The 35th Annual Mountainfilm Festival is the first of two awe-inspiring fests that take place in Telluride, Colorado Memorial Day weekend. That means there will be more hiking boots, bike racks, and Subaru’s in the mountain town than celebrity sightings, entourages, and paparazzi.
Mountainfilm showcases filmmakers who focus on the outdoors—everything from documentaries about climbing epics like K2 and Everest to character studies and short films about skiing, surfing, climbing, cycling, photography, conservation, and cultural studies.
In addition to 91 independent films, there will be educational seminars, and Friday night (May 24), an in-town gallery tour that will showcase some of the best paintings, photography, and drawings inspired by the outdoors.
Here are a couple films we’re excited to see:
The Crash Reel
While training in Park City, Utah for the 2010 Vancouver Olympic Halfpipe competition, snowboarder Kevin Pearce fell and suffered a traumatic brain injury that left him to relearn basic daily functions. Oscar nominated filmmaker Lucy Walker tells the intimate story of the tight-knit Pearce family as they support Kevin through his long and arduous healing process and struggle with the fragility of his recovery.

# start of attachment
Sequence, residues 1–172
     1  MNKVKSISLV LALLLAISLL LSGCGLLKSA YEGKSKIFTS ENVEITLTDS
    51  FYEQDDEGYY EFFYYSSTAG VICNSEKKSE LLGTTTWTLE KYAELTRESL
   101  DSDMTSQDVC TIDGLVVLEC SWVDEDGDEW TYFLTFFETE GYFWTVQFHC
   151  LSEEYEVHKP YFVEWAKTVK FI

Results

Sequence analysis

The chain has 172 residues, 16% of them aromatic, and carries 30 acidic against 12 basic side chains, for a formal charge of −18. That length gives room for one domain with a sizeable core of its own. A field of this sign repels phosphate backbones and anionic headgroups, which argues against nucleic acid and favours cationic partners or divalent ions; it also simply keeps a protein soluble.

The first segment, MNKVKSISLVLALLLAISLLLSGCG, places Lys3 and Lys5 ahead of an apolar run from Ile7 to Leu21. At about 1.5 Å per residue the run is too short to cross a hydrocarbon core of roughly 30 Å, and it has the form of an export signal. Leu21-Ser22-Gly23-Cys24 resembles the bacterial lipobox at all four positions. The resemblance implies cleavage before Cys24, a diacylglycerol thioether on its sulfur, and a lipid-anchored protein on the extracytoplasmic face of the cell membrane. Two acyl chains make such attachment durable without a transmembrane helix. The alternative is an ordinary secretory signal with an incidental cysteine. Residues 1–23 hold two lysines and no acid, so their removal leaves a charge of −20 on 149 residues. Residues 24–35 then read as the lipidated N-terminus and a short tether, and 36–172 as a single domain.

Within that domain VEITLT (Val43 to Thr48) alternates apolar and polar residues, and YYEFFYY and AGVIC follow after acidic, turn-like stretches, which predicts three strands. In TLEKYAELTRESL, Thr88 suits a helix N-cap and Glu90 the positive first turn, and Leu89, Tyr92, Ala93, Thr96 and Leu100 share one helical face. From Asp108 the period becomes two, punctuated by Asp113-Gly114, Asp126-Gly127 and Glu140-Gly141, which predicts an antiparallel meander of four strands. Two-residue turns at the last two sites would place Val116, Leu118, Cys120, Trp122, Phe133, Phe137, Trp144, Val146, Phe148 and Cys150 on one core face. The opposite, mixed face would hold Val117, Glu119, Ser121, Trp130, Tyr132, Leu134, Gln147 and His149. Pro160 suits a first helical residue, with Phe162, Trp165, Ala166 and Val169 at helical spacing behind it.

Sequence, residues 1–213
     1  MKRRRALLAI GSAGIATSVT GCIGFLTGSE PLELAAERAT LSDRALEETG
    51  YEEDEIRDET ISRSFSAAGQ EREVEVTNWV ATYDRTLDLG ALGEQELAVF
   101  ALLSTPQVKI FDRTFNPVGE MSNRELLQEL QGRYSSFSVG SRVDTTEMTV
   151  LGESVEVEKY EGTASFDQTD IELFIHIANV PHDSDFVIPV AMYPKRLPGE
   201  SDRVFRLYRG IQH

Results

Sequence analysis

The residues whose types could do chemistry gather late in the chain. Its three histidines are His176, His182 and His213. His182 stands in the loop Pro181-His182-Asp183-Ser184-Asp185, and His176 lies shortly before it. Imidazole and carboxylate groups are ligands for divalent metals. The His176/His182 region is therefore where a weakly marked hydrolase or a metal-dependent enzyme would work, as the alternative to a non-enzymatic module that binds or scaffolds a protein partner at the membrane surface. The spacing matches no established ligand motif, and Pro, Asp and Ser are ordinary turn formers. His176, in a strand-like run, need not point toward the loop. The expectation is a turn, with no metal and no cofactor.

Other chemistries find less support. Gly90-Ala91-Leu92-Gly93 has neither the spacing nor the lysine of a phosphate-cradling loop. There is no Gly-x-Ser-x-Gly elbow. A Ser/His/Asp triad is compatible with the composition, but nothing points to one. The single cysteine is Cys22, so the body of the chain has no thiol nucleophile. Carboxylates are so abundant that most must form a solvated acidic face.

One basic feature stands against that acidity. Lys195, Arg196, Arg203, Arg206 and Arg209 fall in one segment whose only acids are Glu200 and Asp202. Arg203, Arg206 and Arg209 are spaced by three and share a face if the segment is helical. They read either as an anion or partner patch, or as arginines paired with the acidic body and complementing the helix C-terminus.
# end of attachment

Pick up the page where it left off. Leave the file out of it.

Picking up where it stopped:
Director Lucy Walker talks about the making of The Crash Reel – http://www.youtube.com/watch?v=5czVHdYQvks
High and Hallowed: 1963
Fifty years ago this month, Jim Whittaker, Tom Horbein, and Willi Unsoeled became the first Americans to ever summit Mt. Everest. This film tells the step-by-step story of their harrowing and heroic journey, as well as the 2012 attempt by Charley Mace, Jake Norton, David Morton and Brent Bishop to replicate Horbein and Unsoeled’s first ever ascent of the West Ridge route.
Keeper of the Mountains
Elizabeth Hawley has never climbed a Himalayan mountain. Instead, she’s chronicled every detail of those who have for 50 years. The 87-year-old Hawley travelled to Nepal in 1960, and never left. She got the scoop on the first American team to climb Everest in 1963 while working for Reuters and is considered to be the most respected mountaineering journalist in the world. This short film by Allison Otto (2012 Mountainfilm Commitment Grant recipient) puts Hawley’s wit, determination and quirkiness on display.